Of all of the parenting tactics I’ve tried, nothing has worked better at facilitating good behavior and a trusting bond like floor time. Simply getting down on the floor and playing with your children builds trust and good relationships like nothing else.
Of all of the dieting tactics I’ve tried, nothing has worked better than portion control (coupled with not keeping “junk” snacks in the house). The “saucer” strategy, in which you eat nothing at a meal except what will fit on a saucer, works like an absolute charm.
Of all of the saving tactics I’ve tried, nothing has worked better than simply automating it. Ordering the bank to simply scrape a small amount from my checking each month and put it in a savings account means I don’t have to think about it, and that means I won’t forget about it or talk myself out of it. The money is just there when I need it.
Of all of the time management tactics I’ve tried, nothing has worked better for me than the “inbox.” I keep a pocket notebook with me and whenever I think of something I need to do, I fill a whole page describing it (big words over several lines). I toss these pages in my “inbox” at home and go through them once or twice a day, making sure each one is dealt with.
When I stick to these singular tactics, I usually succeed. When I go away from them, I fail.
In fact, I’d say that finding tactics for success in life and money that actually work is well worth investing quite a bit of time.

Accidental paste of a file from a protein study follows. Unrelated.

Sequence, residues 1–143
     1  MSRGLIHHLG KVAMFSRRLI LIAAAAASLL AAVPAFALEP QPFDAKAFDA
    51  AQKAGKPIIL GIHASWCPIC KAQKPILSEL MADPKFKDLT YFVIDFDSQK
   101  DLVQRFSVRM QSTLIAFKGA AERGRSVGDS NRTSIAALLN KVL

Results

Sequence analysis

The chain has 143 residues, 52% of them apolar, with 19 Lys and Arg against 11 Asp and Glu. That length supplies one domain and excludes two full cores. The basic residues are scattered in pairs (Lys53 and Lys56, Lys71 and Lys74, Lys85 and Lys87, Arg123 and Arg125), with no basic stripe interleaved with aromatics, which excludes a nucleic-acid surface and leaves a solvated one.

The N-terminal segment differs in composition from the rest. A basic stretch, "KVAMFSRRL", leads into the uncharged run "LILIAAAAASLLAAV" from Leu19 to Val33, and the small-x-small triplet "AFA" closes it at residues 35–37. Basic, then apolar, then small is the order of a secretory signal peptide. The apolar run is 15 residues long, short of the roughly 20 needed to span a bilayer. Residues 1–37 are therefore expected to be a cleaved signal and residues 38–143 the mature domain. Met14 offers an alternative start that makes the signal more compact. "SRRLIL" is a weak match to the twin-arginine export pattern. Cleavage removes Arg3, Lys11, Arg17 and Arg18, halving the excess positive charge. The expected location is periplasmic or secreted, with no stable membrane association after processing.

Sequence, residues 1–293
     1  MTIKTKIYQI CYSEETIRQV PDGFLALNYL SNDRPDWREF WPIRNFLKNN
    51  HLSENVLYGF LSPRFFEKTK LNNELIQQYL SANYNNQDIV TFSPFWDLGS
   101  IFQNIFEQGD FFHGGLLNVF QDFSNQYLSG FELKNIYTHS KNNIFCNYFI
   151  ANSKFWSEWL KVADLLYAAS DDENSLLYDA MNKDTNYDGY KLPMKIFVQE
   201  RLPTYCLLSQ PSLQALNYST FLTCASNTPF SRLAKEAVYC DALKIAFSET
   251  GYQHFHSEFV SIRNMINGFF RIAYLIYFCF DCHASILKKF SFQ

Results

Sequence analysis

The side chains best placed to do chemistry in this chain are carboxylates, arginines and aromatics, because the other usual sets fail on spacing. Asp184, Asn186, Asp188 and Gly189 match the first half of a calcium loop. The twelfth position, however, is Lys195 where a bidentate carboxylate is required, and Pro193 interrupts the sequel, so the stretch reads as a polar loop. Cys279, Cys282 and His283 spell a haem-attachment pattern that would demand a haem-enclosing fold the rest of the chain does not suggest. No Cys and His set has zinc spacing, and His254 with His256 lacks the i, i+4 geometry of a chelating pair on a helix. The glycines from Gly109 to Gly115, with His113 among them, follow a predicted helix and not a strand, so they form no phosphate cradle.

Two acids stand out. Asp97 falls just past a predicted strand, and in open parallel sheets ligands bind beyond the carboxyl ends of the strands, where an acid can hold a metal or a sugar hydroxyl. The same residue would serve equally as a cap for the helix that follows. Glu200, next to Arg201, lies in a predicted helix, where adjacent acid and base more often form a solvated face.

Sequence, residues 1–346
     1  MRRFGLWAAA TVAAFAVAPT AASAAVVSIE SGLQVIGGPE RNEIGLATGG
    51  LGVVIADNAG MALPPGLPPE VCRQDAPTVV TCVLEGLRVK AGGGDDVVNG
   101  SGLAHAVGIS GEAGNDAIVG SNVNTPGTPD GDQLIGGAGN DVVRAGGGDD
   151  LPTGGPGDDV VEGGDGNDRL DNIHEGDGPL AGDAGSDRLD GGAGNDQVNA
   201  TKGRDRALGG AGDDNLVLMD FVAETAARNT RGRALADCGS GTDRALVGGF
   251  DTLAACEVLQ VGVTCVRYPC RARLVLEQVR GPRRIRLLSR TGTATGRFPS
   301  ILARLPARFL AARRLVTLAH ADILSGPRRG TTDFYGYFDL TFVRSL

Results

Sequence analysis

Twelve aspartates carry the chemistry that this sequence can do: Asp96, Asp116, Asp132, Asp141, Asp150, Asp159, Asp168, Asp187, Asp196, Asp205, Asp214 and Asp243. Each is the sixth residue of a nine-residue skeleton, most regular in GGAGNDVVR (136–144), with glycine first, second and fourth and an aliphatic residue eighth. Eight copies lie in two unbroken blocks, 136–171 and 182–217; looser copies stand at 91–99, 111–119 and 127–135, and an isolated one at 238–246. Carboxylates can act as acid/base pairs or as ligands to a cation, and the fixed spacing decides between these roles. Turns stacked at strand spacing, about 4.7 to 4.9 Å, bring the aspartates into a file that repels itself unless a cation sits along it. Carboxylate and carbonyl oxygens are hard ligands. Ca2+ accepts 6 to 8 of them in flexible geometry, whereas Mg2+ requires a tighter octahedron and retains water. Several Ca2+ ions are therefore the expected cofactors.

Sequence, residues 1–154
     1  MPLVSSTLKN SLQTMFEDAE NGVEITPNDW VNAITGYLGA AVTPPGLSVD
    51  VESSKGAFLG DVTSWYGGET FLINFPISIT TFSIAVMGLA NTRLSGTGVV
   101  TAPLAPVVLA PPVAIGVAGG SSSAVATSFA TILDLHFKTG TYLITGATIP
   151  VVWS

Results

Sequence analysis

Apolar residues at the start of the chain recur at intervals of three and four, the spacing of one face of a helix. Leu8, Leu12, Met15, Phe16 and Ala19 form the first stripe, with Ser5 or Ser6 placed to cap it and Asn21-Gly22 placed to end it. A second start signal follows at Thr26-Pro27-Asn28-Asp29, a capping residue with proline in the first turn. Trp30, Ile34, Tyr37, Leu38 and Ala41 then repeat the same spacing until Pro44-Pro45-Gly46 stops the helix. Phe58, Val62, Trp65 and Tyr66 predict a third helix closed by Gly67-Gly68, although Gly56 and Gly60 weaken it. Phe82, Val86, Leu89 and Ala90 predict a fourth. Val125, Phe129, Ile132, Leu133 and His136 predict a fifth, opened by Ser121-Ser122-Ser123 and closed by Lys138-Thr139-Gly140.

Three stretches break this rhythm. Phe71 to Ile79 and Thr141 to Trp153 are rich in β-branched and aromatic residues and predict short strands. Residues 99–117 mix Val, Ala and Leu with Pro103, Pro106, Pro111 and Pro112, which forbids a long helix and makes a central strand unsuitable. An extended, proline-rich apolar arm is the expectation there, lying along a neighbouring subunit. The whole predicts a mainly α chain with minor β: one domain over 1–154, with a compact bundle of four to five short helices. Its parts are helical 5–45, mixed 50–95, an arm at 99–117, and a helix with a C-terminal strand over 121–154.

Why? Because the ones that work make your life flow so much smoother that you quickly make the time and money back.
It’s worth the time to read through a list of 100 money saving tactics and try out fifteen of them just to find one tactic that genuinely and consistently saves significant money for me.
It’s worth the time to try every kind of easily-available fresh produce because the more fresh produce I actually like, the easier it is to have a very varied diet while still eating really healthy.
It’s worth the time to try all sorts of time management tactics because when I find one that shaves ten minutes off of an average day, I’ll make that time back over the long run.
The key to success is investing the time to figure out what really works for you. They might not be the same things that work for me – in fact, they probably won’t be.
I’ll close this message with a few challenges.
If you’re looking to spend less money, spend some time going through this list of 100 money saving tactics. Identify twenty that might just fit in your life and give them each a genuine shot. You’ll probably find that fifteen of them don’t fit you. The other five? They’ll be valuable enough that the entire time will be worth it.
If you’re looking to spend less time, use the same approach with my upcoming series on Getting Things Done, which will be loaded with time management ideas. Read the series carefully. Pick the elements that you think might work for you and give them a genuine shot. The ones that do work will stick and they’ll end up saving you so much time / making you so much more productive that you’ll flip.
Whatever that area in your life is that you want to work on, start trying some tactics. Go on a daily walk. Eat only the food that fits on a saucer. Read a challenging book for an hour a day.
Just try something instead of sitting there wishing it could be better.